On September 14, 2009, the Department assessed the Taxpayer for gross receipts tax and interest for the tax periods from March 31, 2004 through March 31, 2008. The Taxpayer was also assessed for withholding tax, penalty and interest. The Taxpayer filed a protest to the assessment of gross receipts tax and penalty on October 9, 2009. The Taxpayer did not protest anything regarding the withholding assessment. The Taxpayer did not file gross receipts returns for the periods at issue. The Department mailed the Taxpayer a Notice of Limited Scope Audit Commencement which provided that the Taxpayer was required to provide any nontaxable transaction certificates (NTTCs) within 60 days or by September 5, 2008. The Taxpayer provided the Department with 3 timely NTTCs, two Type 5 certificates, and one Type 6. During the period at issue, the Taxpayer was an S corporation and out of state business providing retail store setup, remodeling, installation of fixtures, and other related construction-related services for construction contractors. The Taxpayer was not able to obtain NTTCs from all the contractors he did business with in the allotted time frame, and did not dispute at hearing that the receipts from transactions with those contractors are not deductible and therefore subject to tax. Upon finalizing the audit, after the 60 day period had elapsed, the Department informed the Taxpayer that the Type 5 and Type 6 NTTCs were the wrong type because the Taxpayer was a staffing company. The Taxpayer testified that the services performed for the contractors who provided the NTTCs at issue were resold and the construction project was subject to gross receipts tax upon completion. At the hearing, the Department conceded that a properly executed Type 5 NTTC is valid, but argued that one of the Type 5 certificates presented by the Taxpayer was not properly executed because the contractor did not put the Taxpayer’s information on the certificate. The hearing officer found that, because the Taxpayer accepted the certificate in good faith and was not told of the error when he faxed it to the Department in the 60 day period, the NTTC would be allowed to support the deduction. The Department also argued that a Type 6 did not apply because the Taxpayer was not a licensed contractor, but the hearing officer found that a Type 6 was allowable in this situation because the services were performed for a contractor. The hearing officer ordered that the part of the assessment related to the NTTCs presented be abated. The Taxpayer’s protest was granted in part and denied in part.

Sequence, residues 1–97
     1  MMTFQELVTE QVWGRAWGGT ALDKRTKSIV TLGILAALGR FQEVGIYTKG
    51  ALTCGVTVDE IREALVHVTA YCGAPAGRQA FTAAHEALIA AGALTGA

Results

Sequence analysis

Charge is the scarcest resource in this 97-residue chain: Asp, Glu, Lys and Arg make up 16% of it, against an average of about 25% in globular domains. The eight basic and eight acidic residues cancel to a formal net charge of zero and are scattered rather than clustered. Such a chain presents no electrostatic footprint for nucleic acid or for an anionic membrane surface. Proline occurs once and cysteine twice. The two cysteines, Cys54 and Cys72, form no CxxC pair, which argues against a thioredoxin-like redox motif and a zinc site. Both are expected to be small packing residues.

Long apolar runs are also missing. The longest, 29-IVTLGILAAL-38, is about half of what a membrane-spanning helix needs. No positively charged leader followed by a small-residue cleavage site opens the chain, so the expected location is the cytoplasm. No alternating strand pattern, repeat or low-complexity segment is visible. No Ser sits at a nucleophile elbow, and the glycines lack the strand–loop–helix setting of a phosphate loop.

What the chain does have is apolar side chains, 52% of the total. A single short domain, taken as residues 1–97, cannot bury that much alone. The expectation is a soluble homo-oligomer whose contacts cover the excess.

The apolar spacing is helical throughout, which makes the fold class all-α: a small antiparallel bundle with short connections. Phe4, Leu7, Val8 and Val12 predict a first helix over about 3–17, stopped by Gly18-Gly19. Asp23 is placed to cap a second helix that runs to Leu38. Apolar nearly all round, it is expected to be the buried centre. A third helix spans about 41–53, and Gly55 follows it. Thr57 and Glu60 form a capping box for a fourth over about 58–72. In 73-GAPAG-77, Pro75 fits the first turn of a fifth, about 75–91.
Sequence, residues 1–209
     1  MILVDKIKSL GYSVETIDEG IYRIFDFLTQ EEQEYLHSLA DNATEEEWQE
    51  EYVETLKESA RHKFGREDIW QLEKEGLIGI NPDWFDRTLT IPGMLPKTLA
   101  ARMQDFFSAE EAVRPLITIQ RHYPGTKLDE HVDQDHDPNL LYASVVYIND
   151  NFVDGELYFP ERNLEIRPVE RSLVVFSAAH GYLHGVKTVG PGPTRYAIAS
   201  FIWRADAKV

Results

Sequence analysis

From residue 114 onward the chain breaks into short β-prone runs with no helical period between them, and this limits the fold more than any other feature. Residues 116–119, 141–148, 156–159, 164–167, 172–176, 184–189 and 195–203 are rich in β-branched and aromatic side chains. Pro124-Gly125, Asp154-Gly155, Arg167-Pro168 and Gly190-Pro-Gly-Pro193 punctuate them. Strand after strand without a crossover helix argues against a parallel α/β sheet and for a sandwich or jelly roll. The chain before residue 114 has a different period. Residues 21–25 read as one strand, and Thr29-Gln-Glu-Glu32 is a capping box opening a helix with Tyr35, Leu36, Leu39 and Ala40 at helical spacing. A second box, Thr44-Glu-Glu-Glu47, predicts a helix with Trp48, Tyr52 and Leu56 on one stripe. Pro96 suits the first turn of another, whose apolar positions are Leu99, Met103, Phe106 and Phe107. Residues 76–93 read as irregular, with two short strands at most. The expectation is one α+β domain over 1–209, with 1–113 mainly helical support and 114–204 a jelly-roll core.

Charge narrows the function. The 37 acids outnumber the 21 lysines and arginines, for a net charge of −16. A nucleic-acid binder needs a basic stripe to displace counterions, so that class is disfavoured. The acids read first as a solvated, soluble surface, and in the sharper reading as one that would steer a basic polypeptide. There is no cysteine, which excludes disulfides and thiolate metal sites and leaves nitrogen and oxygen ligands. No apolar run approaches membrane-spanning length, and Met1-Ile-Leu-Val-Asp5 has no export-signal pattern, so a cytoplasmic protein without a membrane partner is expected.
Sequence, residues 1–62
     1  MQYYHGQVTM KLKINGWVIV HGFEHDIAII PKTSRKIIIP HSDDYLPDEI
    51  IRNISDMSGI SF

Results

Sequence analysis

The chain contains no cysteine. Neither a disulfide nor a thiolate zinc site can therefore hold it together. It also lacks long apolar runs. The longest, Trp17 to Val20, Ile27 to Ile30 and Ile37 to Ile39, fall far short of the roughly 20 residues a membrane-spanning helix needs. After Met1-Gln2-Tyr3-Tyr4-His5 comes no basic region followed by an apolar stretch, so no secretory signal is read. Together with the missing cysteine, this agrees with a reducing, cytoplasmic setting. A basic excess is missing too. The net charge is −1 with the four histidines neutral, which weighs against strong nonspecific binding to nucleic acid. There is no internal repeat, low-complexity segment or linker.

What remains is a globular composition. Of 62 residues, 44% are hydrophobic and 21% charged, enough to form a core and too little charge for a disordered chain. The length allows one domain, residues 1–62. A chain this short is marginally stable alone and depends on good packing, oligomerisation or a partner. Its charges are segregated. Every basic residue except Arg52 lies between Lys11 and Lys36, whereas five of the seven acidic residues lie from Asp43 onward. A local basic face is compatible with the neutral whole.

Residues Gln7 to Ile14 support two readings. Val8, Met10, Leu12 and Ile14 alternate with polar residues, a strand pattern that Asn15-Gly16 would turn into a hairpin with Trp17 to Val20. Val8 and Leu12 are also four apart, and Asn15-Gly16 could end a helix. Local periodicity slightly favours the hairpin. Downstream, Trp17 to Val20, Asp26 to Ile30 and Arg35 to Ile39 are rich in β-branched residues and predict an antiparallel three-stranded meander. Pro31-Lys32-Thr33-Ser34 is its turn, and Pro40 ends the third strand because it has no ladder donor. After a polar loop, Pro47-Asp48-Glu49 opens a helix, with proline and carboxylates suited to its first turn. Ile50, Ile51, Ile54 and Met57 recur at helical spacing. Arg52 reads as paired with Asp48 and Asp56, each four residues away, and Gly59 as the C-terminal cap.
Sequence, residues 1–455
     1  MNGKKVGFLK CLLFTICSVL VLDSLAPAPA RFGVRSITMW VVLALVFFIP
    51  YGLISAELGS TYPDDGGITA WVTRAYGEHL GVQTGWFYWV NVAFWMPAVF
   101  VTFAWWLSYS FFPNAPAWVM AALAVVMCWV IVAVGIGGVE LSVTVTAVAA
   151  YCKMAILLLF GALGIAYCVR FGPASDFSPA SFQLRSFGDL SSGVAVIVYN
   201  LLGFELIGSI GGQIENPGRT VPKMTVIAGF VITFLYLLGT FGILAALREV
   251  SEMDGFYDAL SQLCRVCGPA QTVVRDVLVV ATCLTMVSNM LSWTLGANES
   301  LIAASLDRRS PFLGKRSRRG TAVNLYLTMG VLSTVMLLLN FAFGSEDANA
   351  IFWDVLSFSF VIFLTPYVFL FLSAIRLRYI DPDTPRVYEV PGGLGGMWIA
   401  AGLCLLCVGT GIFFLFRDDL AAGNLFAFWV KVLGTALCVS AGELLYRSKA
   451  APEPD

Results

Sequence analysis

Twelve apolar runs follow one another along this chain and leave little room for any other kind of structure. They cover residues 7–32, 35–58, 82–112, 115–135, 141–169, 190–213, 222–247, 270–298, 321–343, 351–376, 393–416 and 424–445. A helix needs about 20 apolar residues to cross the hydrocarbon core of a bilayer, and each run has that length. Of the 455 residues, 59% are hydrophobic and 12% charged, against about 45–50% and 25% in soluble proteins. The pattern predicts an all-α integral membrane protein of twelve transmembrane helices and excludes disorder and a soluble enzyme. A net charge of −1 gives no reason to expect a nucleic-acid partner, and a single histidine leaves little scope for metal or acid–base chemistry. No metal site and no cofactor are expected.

Capacity Builders, Inc.